#51 Salt & Pepper

51-salt-pepper

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Daddy died March 29, 1962, over a half century ago. I was 10 years old. He was 62.

Now I am 62.

You can imagine March 29 this year has been on my mind a lot lately. I am healthy, still feel young and strong (until I do something stupid at this age), so it’s hard to imagine my dad looking like such an old man when he passed away at only 62 years old.

But he always looked like an old man to me, and I loved him for it. That’s one reason I’ve always respected my elders. You see, my dad was 51 years old when I was born. Already he had salt & pepper hair, and still a full head of it in the casket. That’s how I’ve always seen and remembered him: with this beautiful, wavy salt & pepper hair that I wanted when I grew old. Well, I have it. Mine’s more solid gray, but that’s okay. It still reminds me of Daddy. (I never called him Dad, always Daddy as I was only 10 when he died. So if it sounds silly that I still call him Daddy, well that’s okay…it just sounds right to me.)

I could tell you a lot about this man I loved and admired, and I will. But one thing that is absolutely fascinating is that Andrew J. De Simone was born December 31, 1899. That’s the last day of the century before last! Which meant he was always the same exact age as whatever year it was—to the day. That’s why it’s a little confusing to comprehend he was 51 when I was born in 1951. And he was 62 when he died in 1962. (more…)

#41 Whiter & Brighter

This month’s piece for the Advertising Slogans series features a term that described the sheets & shirts & underwear hanging on the clothesline back in 1950 after the joyful washday experience of a happy housewife (with matching daughter) & her beloved box of Rinso Giant Size Laundry Detergent.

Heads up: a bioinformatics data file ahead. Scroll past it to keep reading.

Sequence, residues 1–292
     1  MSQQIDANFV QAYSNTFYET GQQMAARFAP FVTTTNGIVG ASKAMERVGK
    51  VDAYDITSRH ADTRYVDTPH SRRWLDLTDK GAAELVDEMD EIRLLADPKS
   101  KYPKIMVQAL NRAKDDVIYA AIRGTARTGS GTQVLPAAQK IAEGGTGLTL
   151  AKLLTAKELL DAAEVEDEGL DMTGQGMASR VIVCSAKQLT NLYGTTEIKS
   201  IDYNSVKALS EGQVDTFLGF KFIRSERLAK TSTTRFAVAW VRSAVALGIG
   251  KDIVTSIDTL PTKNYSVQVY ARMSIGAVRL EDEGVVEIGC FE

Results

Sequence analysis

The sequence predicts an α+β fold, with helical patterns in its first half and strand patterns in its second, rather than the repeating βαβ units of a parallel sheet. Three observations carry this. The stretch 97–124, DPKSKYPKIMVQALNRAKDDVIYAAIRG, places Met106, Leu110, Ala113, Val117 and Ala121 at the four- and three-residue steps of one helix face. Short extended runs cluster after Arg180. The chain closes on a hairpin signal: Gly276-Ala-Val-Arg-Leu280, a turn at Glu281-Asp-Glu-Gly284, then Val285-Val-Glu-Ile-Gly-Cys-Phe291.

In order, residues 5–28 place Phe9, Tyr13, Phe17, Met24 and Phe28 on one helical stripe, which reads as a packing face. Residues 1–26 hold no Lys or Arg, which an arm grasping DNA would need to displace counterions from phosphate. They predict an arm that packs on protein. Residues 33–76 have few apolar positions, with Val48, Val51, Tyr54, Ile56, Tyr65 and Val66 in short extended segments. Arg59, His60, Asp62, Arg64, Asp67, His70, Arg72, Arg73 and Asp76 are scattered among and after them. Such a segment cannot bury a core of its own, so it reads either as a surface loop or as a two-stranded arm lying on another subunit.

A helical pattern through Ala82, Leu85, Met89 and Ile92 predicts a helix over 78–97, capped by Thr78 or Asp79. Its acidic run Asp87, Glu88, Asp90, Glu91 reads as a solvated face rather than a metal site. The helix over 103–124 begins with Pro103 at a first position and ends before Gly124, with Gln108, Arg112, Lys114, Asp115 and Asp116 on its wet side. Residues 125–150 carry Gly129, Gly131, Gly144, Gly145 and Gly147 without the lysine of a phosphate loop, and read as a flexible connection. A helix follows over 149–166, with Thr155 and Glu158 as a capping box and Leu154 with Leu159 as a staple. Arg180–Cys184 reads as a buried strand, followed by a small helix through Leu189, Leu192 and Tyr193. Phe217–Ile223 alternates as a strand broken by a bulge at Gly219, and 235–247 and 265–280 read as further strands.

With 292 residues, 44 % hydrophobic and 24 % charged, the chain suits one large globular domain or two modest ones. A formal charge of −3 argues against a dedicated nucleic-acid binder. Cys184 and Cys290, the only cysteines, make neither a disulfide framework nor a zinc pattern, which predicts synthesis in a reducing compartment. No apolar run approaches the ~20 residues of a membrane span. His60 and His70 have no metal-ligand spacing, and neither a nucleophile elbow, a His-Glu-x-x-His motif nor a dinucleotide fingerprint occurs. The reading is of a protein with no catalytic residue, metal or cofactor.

Today you don’t see that term used for detergent much anymore, but rather for the “whiter & brighter” smile of celebrities, professionals, students…& happy housewives.

But there’s one more meaning & it’s just for pixel pushers like me. Anything over 92 is considered “whiter & brighter” in a sheet of paper to print a favorite AmperArt edition on.

#21 New & Improved, one of my favorite AmperArt pieces.
First in the Advertising Slogans series.

How does detergent, fabric & paper get “brighter than bright”? Fluorescent whitening agents (FWAs) have been used in many industries, notably the makers of laundry detergent since the early 1960s. The blue crystals in laundry detergent are FWAs. The FWAs work by absorbing ultraviolet light, from the sun or fluorescent bulbs, & then re-emitting it as a bluish light to make colored clothes appear brighter & white ones whiter.

Paper mills have been using FWAs since the 1970s, when paper companies found that they could achieve much higher brightness levels than with bleach alone.

In 1992, the world consumption of FWAs was estimated at 60,000 tons, with the detergent industry consuming 50%, the paper industry 33% & the textile industry 17%.*

On the other hand, teeth whitening is achieved primarily with bleaching agents such as hydrogen peroxide & scrubbing with baking soda — not by spraying your teeth with fluorescent paint.

*Source: Perry J. Greenbaum, a freelance business & technology writer, can be reached at pjgreenbaum@gmail.com. Excerpted from Pulp & Paper Magazine

Vintage ads: vintageadsandstuff.com

Production notes:
Original size: 20×30 inches
Programs: Illustrator, Photoshop
Fonts: Franklin Gothic Extra Condensed, Brush Script (ampersand)